Link to Birdie Calendar Sharing Our Restorative Justice Studies with Youth in the Community

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California State University, Dominguez Hills
University of Wisconsin, Parkside
Created: March 16, 2001
Latest update: March 16, 2001
E-Mailjeannecurran@habermas.org

Sharing Our Justice Studies with
Youth in the Community

  • Essay: Sharing Our Justice Studies with Youth in the Community
  • Discussion Questions

  • Camp Mom and Me To find Camp Mom and Me, you'll need to scroll down the left-most frame to link on that title. If you continue to scroll past the article in English, you will find a version in Spanish. Be sure also to read the earlier essay, Mom and Me.

  • Values A Think Quest site for young people. Explore the site.

  • Foozles A Site for Teaching Young People About Bullying and Teasing.


  • Sharing Our Justice Studies with Youth in the Community

    Review and Teaching Essay by Jeanne Curran and Susan R. Takata
    Copyright: Jeanne Curran and Susan R. Takata, March 2001. "Fair Use" encouraged.

    This essay is based on Camp Mom and Me Monthly message from the Interfaith Center for Peace To find Camp Mom and Me, you'll need to scroll down the left-most frame to link on that title. If you continue to scroll past the article in English, you will find a version in Spanish.

    In "Camp Mom and Me" we find one approach to peacemaking criminology. Bringing incarcerated mothers together with their children provides much needed training and learning for buiding peacemaking relationships within the family. This is a faith-based example that illustrates the important roles our religious groups play in focusing on the peacemaking aspects of love and caring that are predominant in most religions.

    Tracy Abeytas recently shared with us a project in which she created a hand-made book for one of her children, replete with messages of how she loved him. Her son was fascinated, and clearly wanted to keep the book with him. Such wonderful techniques of parenting are learned. Each time we manage to share love and caring, we are helping others to function in a loving environment. I hope many of you will share your experiences in this arena.



    Discussion Questions
    1. Read the article on Camp Mom and Me. Look at the pictures. What kind of learning does Camp Mom and Me rely on? Formal textbook understanding of parenting? or out-of-awareness modelling of parenting?

      jeanne's lecture notes on one plausible answer:

      The pictures and the text indicate that the camp relies on out-of-awareness learning.

    2. Which learning process, formal cognitive, or informal modelling, seems most appropriate in sharing our peacemaking skills with community members?

      jeanne's lecture notes on one plausible answer:

      Community members are not in school. They may not have been in school for a very long time. Formal teaching can be structurally violent to someone who feels he/she could not or did not achieve well in school, and who has not chosen to return to formal learning. Such formal approaches to teaching are structurally violent in that they force the person back into a school-type setting, which may have unpleasant memories. When trying to share our peacemaking skills we need to be sensitive to ways in which we may thus hurt another, even unintentionally.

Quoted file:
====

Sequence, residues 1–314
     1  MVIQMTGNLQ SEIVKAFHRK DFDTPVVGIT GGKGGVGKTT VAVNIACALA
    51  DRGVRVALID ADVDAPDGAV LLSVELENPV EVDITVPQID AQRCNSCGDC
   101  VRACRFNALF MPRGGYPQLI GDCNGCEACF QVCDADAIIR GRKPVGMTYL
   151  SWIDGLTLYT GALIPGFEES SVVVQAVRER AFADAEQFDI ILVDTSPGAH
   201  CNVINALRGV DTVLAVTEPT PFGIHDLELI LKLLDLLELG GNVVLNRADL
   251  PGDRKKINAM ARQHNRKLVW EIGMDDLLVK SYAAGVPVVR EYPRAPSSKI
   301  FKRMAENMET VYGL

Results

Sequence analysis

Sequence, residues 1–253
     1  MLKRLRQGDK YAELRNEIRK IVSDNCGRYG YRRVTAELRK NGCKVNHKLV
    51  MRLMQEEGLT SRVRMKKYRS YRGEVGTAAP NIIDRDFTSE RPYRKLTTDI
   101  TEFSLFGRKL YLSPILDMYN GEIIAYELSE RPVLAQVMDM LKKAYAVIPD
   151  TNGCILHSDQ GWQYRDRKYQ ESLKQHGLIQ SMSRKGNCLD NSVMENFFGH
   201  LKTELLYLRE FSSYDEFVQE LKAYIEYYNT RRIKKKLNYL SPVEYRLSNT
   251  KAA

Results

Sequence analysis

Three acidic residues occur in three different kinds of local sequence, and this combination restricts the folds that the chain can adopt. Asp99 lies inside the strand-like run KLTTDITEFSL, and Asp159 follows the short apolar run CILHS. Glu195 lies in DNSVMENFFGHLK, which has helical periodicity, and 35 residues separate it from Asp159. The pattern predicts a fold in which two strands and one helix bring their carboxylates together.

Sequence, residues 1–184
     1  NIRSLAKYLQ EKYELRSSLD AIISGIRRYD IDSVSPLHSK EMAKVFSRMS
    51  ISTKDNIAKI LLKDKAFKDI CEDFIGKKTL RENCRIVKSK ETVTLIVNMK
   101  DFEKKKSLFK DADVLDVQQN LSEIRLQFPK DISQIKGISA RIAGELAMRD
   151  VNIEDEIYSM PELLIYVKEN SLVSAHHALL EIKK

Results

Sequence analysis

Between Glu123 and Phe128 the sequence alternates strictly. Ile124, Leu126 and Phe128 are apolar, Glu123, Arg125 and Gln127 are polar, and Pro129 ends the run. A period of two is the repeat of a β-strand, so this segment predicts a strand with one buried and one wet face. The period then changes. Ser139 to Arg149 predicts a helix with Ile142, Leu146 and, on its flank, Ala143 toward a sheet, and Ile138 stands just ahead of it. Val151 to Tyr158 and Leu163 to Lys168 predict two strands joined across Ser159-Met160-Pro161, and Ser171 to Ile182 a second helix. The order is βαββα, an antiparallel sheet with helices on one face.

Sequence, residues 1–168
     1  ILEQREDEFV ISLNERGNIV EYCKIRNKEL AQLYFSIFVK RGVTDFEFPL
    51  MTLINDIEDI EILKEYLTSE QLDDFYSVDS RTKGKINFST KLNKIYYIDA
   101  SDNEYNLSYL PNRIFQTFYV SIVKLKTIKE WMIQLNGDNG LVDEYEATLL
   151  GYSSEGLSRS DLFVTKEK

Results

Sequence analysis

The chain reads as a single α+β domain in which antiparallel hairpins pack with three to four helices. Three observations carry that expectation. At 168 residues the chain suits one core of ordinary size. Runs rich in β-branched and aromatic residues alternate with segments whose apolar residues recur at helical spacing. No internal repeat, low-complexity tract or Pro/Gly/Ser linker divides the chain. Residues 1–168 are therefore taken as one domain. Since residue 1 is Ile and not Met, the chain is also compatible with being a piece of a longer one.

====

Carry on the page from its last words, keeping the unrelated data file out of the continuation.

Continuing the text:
Think, for example, about the young person in college, who wants desperately for a parent to appreciate her/his achievement. In sharing, the young person may, unintentionally, hurt the parent by bringing back memories of the parent's lack of schooling. Just being aware of that possiblity of harm can help remind the young person to take the parent's memories into account with warmth and caring.

      Camp Mom and Me shares the efficacy of learning in less formal ways. Modelling and learning by doing are sometimes good approaches to sharing our understanding with other members of the community.

    3. How does this process relate to restorative justice?

      jeanne's lecture notes on one plausible answer:

      Restorative justice is an attempt to restore the community situation to one of mutual respect and understanding, after someone has transgressed in some way which harmed the community and/or its members. Restorative justice recognizes that punishing one who has transgressed does not effectively deal with why the transgression occurred and what can be done to prevent further harm by future transgressions.

      Restorative justice is a peacemaking approach in which we seek to heal the rift. Normative expectations have been violated. The community perceives that violation as harmful. Restorative justice tries to alter the structural context in ways that make future compliance with normative expectations more likely. But it also, when it is done well, examines the community's normative expectations to guarantee that they are not based on unstated assumptions which carry the seeds of discrimination and colonization within.